In Hell., and indeed for practical purposes in class. Greek the repeti-
tion of the art. was not strictly necessary to ensure that the items be
considered separately.”8

Blass-DeBrunner is also cautious.9 The latest German edition is especially

noteworthy: “Der Artikel scheint (naturgemäß) zu fehlen, wenn das letztere von
zwei durch kai/ verbundenen Attributen eine Apposition bei sich hat” (p. 226).
Thus Blass-DeBrunner-Rehkopf applies Sharp’s rule only if an apposition is
actually intended (the implication is that an apposition may not always be in-
However, rather than to give many “exceptions” to the rule, a simpler solu-
tion is to define Sharp’s rule as a subjective syntactical relationship. Notice for
example Greenlee’s definition:

Granville Sharp’s rule: When the article is used before the first mem-
ber only of a series, the members are to be considered as a connected
whole. When the article is used before each member, each is to be
considered separately.10

I like this definition. Sharp’s rule tells us only how a series of items should
be considered, whether separately or together. It does not tell us whether they
are identical. Therefore, given a series connected by the conjunction kai/, if each
member of the series has the article, then we should consider them separately.
Of course, we then could deduce that they are separate persons or items, because
otherwise they could not be separated. But that is a matter of logic rather than
grammar. However, the opposite is not true. If only the first item in a series has
the article, we cannot automatically conclude that they are all identical. For
Sharp’s rule says only that we should consider them together, no more. Thus,
Sharp’s rule is a subjective syntactical relationship, not an objective one.
This distinction is crucial to exegesis and interpretation. For, if we are deal-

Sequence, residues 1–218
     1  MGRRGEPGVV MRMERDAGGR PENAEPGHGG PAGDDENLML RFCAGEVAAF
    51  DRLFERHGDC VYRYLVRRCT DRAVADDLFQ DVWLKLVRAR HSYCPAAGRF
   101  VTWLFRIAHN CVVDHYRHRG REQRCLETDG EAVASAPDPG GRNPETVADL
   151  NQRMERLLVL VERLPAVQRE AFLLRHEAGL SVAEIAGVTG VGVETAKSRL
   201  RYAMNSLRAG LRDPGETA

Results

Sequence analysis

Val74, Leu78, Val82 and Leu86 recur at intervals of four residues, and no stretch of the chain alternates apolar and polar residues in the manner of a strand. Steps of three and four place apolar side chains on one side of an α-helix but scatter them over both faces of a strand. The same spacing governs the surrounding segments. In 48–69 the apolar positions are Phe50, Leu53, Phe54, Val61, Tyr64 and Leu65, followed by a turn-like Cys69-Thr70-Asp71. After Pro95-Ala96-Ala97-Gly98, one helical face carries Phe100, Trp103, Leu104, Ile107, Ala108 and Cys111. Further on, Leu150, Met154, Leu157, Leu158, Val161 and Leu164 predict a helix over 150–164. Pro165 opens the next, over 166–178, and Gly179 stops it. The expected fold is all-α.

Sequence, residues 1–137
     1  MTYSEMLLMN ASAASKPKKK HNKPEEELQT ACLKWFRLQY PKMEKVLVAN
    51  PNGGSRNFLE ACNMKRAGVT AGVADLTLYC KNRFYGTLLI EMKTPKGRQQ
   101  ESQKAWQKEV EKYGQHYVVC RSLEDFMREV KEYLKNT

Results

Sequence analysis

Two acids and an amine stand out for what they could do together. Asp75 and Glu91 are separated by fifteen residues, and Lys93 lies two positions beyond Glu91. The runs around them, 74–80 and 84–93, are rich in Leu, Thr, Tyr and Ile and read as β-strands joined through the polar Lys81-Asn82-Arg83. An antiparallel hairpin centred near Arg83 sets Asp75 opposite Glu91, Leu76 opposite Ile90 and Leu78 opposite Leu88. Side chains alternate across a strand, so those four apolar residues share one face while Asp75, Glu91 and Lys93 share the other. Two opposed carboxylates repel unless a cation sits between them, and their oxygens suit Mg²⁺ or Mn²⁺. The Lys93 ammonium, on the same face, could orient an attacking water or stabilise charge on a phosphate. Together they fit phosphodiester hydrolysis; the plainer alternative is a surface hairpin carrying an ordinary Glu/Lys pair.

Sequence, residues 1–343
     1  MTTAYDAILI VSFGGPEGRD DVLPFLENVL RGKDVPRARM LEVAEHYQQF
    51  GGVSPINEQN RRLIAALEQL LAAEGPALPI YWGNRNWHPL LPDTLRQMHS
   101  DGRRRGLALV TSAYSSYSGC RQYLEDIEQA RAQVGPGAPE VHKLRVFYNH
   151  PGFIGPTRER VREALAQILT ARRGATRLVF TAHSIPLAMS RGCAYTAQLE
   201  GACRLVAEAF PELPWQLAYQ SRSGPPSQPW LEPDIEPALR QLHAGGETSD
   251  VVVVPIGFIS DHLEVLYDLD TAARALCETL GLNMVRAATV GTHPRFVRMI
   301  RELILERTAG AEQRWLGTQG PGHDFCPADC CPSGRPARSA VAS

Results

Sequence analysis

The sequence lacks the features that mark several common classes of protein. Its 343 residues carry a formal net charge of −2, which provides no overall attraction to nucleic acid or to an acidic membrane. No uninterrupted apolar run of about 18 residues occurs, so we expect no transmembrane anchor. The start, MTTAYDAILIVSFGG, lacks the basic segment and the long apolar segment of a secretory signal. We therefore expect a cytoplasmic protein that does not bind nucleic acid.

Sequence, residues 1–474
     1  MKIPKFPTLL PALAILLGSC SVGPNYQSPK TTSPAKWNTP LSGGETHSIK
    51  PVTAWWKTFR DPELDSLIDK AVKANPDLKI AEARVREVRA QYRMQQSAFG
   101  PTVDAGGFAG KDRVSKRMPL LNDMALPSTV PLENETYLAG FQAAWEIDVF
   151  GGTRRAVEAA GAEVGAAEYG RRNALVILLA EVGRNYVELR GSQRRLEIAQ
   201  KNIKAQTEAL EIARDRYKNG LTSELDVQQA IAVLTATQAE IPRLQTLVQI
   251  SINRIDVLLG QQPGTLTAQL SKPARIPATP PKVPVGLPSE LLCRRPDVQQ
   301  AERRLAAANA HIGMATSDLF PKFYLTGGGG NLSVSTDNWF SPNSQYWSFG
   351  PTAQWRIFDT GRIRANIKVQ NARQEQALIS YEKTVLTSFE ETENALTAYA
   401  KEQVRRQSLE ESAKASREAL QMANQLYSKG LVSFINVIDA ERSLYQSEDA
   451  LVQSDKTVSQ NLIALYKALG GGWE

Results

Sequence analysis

ing with objective syntax, it is important not to miss it.

Otherwise, we may miss an important exegetical or even theological clue. How-
ever, if we are dealing with subjective syntax, then we must be careful not to
read into the Greek more than is actually there.
Let us now return to Revelation 9:15. According to Sharp’s rule, the hour,
day, month, and year in this passage are viewed as one unit. However, that does
not tell us whether that unit is a point in time or a period of time. The distinction
here is not between a point in time and a period of time, but between one unit
and four units (i.e., one “package” of four items instead of four separate items).
In other words, the Greek syntax may simply indicate one total time period in-
stead of four separate time periods. Therefore, the question of whether Revela-
tion 9:15 refers to a point in time or a period of time is not resolved by the
Greek, and the best translation is one that allows for the ambiguity, such as, “the
hour and day and month and year” (NKJV).
Once we have established the translation of the passage, we may proceed to
interpret it. However, as I mentioned at the beginning, the interpretation of our
passage is not the focus of this paper. That must remain for another occasion.
Suffice it to say here that regardless of how one may interpret Revelation 9:15,
the Greek syntax alone does not allow a translation to prejudge the question of
whether it refers to a point in time or a period of time.

Sharp originally published it in 1798. The third edition was also the first American edition. It was entitled, Remarks on the
Uses of the Definite Article in the Greek Text of the New Testament: Containing many new proofs of the divinity of Christ, from